Pamela Havey Lau brings more than 25 years of experience in speaking, teaching, writing and mediating. She has led a variety of groups, both small and large, in seminars, trainings, conferences and teachings. Pam’s passion is to see each person communicate with their most authentic voice with a transparent faith in Jesus Christ. With more than 10, 000 hours of writing, researching, and teaching the heart and soul of Pam’s calling comes from decades of walking alongside those who have experienced healing through pain and peace through conflict. As a professor and author, Pam deeply understands the role of mentoring and building bridges from one generation to another. She has developed a wisdom in how to connect leaders with their teams. Her skill in facilitating conversations extends across differences in families, businesses, schools, universities, and nonprofits. Pam specializes in simplifying complex issues and as a business owner, has helped numerous CEOs and leaders communicate effectively. She is the author of Soul Strength (Random House) and A Friend in Me (David C. Cook) and is a frequent contributor to online and print publications. You can hear Pam’s podcast on Real Life with Pamela Lau on itunes. Currently, Pam is a mediator for families, churches, and nonprofits. You can contact Pam through her website: PamelaLau.com. Brad and Pam live in Newberg, Oregon; they have three adult daughters and one son-in-law. One small, vocal dog, Cali lives in the family home where she tries to be the boss! As a family they enjoy worshiping God, tennis, good food and spending time with family and friends.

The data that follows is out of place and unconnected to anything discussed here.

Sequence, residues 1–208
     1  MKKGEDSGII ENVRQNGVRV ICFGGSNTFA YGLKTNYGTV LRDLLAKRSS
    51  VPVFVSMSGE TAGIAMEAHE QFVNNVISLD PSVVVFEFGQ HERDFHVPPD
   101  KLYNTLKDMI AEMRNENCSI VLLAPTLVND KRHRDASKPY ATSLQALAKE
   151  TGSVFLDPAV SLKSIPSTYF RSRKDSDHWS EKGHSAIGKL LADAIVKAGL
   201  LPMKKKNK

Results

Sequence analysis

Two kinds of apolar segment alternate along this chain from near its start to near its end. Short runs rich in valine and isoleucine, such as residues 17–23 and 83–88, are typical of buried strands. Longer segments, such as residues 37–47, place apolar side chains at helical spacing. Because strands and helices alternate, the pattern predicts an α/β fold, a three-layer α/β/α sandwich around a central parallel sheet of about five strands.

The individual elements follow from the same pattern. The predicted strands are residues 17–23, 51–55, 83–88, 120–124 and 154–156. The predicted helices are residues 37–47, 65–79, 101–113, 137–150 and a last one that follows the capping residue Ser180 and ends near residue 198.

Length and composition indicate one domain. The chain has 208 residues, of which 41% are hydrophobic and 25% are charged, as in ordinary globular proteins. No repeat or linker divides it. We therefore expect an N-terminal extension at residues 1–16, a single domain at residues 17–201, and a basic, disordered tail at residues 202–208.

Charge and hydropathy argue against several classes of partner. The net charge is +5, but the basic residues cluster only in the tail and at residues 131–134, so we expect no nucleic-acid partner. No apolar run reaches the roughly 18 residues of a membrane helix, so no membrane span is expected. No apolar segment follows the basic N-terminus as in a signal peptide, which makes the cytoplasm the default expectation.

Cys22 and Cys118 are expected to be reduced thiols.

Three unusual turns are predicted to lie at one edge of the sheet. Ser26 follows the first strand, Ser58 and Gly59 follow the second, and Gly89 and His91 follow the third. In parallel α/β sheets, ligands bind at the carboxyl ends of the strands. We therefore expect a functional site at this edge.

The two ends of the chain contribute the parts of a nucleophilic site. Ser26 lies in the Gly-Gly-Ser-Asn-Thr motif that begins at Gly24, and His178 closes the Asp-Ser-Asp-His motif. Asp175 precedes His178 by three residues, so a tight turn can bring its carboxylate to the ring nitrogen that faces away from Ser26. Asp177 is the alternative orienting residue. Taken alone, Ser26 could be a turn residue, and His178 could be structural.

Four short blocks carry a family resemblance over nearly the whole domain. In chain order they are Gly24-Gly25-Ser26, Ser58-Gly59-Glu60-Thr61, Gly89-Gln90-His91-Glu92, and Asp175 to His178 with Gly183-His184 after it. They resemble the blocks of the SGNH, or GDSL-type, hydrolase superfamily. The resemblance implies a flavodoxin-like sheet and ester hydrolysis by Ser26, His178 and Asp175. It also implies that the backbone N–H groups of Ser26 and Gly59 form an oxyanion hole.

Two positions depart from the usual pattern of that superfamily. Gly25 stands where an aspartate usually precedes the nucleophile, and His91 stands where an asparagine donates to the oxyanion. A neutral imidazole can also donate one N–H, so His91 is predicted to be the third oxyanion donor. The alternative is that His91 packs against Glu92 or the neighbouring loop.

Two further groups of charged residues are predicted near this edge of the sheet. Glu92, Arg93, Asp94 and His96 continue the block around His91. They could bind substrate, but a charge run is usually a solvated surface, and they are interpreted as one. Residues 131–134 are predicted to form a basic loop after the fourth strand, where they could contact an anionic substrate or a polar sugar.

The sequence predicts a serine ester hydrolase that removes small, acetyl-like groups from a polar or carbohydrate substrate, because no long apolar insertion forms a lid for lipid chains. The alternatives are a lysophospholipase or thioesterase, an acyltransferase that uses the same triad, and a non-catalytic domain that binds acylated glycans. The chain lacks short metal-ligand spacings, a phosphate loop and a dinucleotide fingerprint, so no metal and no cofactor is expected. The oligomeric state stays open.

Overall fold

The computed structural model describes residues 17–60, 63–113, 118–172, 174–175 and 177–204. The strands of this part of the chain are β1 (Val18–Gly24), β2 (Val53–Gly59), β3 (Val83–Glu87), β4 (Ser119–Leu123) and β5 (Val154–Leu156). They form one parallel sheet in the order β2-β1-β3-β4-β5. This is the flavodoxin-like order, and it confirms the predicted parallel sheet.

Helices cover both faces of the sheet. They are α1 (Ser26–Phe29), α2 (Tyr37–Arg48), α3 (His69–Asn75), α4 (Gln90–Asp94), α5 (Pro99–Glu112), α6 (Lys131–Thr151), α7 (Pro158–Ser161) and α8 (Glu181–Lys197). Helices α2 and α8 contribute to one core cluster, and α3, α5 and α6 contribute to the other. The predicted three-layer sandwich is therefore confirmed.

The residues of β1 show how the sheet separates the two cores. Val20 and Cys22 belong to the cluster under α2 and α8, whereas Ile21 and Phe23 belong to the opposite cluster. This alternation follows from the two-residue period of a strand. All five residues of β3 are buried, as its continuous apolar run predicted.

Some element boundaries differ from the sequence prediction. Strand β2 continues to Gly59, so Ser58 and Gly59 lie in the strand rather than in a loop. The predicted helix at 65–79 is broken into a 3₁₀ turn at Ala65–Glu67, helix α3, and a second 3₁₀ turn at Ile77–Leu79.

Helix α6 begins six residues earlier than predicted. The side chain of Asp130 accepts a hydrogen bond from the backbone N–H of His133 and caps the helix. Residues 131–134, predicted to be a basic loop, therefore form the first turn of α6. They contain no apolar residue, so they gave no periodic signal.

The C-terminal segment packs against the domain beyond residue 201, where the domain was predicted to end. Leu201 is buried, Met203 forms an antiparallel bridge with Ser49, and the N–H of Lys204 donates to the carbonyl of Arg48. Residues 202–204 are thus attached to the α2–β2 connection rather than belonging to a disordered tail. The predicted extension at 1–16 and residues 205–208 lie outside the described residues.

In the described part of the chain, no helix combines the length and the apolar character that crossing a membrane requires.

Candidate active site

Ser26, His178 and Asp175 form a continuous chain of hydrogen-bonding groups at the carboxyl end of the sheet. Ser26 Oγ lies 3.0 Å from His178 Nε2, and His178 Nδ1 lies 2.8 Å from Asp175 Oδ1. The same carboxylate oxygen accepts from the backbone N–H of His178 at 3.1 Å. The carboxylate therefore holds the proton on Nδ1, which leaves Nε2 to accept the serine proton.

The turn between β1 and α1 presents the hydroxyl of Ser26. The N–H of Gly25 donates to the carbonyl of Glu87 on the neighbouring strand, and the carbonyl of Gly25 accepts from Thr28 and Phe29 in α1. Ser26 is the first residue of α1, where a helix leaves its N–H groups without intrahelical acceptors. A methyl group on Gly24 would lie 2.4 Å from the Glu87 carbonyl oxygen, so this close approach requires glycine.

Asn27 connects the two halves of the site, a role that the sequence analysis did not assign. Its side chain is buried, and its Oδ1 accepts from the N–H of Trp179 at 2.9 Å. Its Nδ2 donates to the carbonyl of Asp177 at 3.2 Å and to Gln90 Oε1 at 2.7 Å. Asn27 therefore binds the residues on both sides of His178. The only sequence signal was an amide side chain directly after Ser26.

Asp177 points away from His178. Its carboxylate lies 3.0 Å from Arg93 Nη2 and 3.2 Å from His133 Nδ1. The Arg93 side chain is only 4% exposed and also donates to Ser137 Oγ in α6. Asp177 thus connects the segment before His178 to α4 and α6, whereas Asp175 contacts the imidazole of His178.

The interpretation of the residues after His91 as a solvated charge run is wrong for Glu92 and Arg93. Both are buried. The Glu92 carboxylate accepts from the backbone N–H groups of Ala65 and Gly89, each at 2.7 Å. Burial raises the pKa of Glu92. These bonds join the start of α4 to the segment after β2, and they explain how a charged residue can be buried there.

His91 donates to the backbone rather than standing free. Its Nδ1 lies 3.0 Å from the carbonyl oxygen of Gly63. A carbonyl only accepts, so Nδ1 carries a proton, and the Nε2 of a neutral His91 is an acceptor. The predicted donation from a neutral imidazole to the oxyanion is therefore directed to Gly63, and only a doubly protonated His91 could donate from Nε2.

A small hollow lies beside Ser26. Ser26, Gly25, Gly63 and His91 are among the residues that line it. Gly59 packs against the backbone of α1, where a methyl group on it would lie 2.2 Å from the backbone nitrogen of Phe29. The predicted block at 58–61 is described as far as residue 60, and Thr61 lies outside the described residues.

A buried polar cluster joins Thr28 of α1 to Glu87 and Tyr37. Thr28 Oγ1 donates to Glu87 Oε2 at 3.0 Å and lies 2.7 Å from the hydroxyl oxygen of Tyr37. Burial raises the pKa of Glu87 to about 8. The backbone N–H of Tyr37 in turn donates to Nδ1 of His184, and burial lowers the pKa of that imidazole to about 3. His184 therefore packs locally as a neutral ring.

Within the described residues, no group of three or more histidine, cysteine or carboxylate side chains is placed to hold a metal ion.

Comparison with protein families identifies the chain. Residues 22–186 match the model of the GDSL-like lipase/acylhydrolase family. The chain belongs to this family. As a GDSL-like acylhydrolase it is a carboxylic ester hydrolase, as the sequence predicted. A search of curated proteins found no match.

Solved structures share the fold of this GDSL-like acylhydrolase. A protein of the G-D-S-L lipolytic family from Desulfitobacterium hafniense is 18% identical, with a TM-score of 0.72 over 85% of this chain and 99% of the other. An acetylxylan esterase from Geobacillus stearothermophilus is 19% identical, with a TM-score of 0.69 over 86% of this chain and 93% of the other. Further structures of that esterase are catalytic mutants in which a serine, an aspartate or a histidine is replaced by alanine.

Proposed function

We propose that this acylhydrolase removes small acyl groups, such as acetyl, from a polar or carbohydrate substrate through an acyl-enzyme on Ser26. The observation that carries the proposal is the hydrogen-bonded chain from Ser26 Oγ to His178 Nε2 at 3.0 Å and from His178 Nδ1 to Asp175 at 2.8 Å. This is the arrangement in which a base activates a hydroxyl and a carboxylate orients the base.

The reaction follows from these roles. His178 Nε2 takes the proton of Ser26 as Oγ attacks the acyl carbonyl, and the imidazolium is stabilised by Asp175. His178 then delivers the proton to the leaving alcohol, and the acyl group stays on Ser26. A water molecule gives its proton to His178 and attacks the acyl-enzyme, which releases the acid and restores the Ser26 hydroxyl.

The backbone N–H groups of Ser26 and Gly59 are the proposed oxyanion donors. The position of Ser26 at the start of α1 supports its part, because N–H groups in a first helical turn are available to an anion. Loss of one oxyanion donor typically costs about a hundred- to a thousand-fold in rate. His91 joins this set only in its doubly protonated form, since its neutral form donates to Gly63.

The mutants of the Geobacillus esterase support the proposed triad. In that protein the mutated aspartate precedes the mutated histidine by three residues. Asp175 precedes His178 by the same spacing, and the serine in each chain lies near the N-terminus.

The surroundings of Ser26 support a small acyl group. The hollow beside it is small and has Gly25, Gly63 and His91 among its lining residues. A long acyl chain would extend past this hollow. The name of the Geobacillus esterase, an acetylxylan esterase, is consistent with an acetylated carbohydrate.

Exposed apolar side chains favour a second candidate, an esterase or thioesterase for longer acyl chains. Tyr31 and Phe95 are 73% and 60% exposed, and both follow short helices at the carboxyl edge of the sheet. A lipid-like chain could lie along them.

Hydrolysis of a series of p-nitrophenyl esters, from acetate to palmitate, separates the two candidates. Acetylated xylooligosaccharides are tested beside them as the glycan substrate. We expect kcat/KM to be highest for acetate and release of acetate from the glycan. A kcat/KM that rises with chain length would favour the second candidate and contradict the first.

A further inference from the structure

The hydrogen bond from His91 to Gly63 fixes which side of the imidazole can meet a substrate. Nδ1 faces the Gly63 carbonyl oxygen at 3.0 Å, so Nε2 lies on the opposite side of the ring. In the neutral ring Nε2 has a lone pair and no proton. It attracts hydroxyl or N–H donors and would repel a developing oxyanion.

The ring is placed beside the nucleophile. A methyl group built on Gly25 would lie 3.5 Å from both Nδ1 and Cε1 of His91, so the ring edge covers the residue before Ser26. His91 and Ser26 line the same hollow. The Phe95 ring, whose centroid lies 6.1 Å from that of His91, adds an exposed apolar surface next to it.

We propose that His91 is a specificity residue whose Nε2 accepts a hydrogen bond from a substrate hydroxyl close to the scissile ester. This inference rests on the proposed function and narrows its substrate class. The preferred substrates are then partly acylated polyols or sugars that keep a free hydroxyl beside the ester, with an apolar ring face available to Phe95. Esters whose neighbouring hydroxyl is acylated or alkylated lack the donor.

8 responses to “The Power of the Single Leadership Story”

  1. Jennifer Vernam says:

    Pam, I appreciate the compelling and painful examples you have cited here that prove out Walkers point of the weakness of misplacing our ultimate trust in the people around us. When I think about that, my gut response is to build up virtual walls of “security”; to not rely of those who may pull the kinds of stunts your friends have had do deal with. But that would not be leading with a mission. It is truly a tightrope walk of striking the balance of vulnerability with the security of knowing who we belong to.